Andy Hurren for our August magazine..
At a recent get together of L&D managers and other industry experts, the most common theme of the day was the repeated reference to the need for learners to take more control of their own learning. With so much of our learning collateral now available through various online platforms, we are increasingly reliant on people using these opportunities.
As the debates went on, I found myself increasingly asking myself if the very flexibility of the learning technologies that we are using is in danger of undermining what we are trying to do.
Why should employees choose to take responsibility for their own learning? Since the very beginning of pedagogy, instructors, trainers and teachers have taken the lead by prescribing what learning needs to be undertaken and sent people off to classrooms of one type or another to do their learning.
Suddenly, because we have new technology to play with, we expect everyone to change their habits, because we think it will be good for them. We justify this by saying that it is more efficient and will provide a broader and richer learning experience.
We also point out that everyone learns like this at home. Doesn’t everyone use Google and YouTube to find out everything they need? Well, from my experience, it isn’t that simple in the workplace. At work, people have an expectation that their employer will tell them what they need to know in order to do their job and to provide them with that knowledge in a more traditional format.
Doesn’t everyone use Google and YouTube to find out everything they need? Well, from my experience, it isn’t that simple in the workplace.
‘Self-directed’ or DIY learning is not necessarily what they had in mind! If, like me, you have spent the last few years designing a learning infrastructure based on the use of an LMS, a social learning platform, bite-size digital content and thousands of hours of content that recreate a work-based Google solution, then this revelation is likely to set you back on your heels.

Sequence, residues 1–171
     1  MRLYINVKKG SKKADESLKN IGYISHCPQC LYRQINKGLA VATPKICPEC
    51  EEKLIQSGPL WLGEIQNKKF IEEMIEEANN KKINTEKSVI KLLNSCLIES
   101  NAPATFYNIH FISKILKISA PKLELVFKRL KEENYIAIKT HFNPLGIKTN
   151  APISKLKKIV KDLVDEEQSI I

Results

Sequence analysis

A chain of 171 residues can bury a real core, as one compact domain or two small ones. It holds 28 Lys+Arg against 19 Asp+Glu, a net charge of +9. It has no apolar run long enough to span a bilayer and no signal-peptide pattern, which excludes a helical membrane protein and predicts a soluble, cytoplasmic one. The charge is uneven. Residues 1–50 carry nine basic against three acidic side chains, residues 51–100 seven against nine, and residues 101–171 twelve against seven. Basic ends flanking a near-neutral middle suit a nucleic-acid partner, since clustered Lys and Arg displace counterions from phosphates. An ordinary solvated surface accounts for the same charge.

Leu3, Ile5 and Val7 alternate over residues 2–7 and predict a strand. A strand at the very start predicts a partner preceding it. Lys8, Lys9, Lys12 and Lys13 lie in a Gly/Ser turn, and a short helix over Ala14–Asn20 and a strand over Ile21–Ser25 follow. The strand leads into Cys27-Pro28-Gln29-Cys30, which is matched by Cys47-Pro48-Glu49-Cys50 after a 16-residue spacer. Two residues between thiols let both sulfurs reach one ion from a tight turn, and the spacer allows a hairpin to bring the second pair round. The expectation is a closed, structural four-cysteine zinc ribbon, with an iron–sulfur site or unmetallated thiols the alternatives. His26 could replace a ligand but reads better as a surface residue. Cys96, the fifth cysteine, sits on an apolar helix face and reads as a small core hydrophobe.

How do we overcome this challenge to our bright new world of learning? How do we shift people’s habits and expectations so that they align with our vision of the future? The reality is that classroom and
instructor-led learning provide a familiar structure, with which learners are comfortable.
It also creates an opportunity for collaborative and peer-to-peer learning, which appears to be missing with online content. We can’t expect people to take control of their own learning and to make the most of the new learning technologies unless we create the structure and framework for them to be able to understand and engage in the benefits of our learning revolution.
A performance-based learning approach, where each person is provided with a learning curriculum, based on their performance objectives, current capabilities and development needs (for current and future roles), is necessary to ensure that everyone understands the reasons for accessing their own learning and stays motivated to do so.
Campaign- or organisation-based learning objectives will also help to bond employees together in shared development objectives, creating a shift in organisational capabilities and a vital shift in learning culture. The evolution of learning technology does provide us with the opportunity to increase learning and improve performance in our organisations, but don’t assume that just because you have built it, they will come!
This piece is featured in August’s TJ magazine. To subscribe click here
About the author
Andy Hurren is the head of learning at RWE npower. Follow him on Twitter here @andyhurren